A lot has been made about Jared Leto’s approach to the character of The Joker. It seems that he’s used his “method” acting style – really a bastardized, dated, and misinterpreted approach to acting – to justify being a terrible person on and off the set while filming his role. I don’t like the things I’ve read about what he did to his cast mates, but frankly that should have nothing to do with my final thoughts on Suicide Squad, and it doesn’t. This is not The Joker’s film by any stretch of the imagination. That said, when The Joker was on screen, I found him to be a slimy, creepy, uncomfortable character, which is exactly how The Joker should make you feel. What was most interesting about Leto’s take on The Joker was how androgynous the character felt. He would slither about the room, rubbing on whoever he wanted, touching others when he shouldn’t, and finding the sexual in the most mundane moments. It was repulsive and seductive all at once.
Suicide Squad has a forgettable plot with a weak main villain, but I’ll be damned if I didn’t have a great time with it thanks to the flushed out characters that make you smile, cringe, and cheer, often at the same time. It made me laugh, but I expected that. What surprised me was how well it did the small, quiet character moments. This is where the film thrives, in fact, and is the real reason I enjoyed it. Don’t see Suicide Squad for The Joker – it isn’t his film – and don’t see it for the action because you’ve seen that all done before, and better. The characters, especially Deadshot, Harley Quinn, and Flag, are the reason to watch Suicide Squad. They’re deeper than you might expect, funny as hell, and kick ass in a different way than we see with Batman, Superman, or any of The Avengers, which makes the Squad a worthy addition to the DC film universe.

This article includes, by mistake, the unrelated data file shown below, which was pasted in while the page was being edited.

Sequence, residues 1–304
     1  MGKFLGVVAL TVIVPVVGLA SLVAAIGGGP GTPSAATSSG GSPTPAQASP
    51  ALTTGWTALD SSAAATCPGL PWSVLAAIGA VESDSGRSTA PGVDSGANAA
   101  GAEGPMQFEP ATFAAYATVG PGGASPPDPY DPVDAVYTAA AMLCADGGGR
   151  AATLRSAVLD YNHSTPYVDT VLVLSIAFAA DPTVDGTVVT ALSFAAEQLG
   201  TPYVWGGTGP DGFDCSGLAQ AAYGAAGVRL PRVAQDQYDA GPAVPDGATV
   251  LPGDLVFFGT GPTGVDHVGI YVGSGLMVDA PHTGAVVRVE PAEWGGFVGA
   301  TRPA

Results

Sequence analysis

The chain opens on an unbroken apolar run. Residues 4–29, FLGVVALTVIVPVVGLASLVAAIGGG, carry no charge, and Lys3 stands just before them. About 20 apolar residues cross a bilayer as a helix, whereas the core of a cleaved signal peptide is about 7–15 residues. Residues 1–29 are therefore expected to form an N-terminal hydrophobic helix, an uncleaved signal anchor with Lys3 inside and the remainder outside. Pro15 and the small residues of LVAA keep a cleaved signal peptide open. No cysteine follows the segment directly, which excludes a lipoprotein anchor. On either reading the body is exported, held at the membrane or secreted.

Branden has been a film fan since he was young, roaming the halls of Blockbuster Video, trying to find the grossest, scariest looking VHS covers to rent and watch alone in the basement. It wasn’t until recently, though, that Branden started seeking out the classics of cinema, and began to develop his true passion for the art form. Branden approaches each film with the unique perspective of having studied the art from the inside, having both a bachelor’s and master’s degree in acting. He has been a film critic since 2010, and has previously written for Inside Pulse Movies, We Love Cult, and Diehard Gamefan. His biggest achievement as a film critic, to date, has been founding Cinefessions and turning it from a personal blog to a true film website, housing hundreds of film and television reviews, and dozens of podcasts.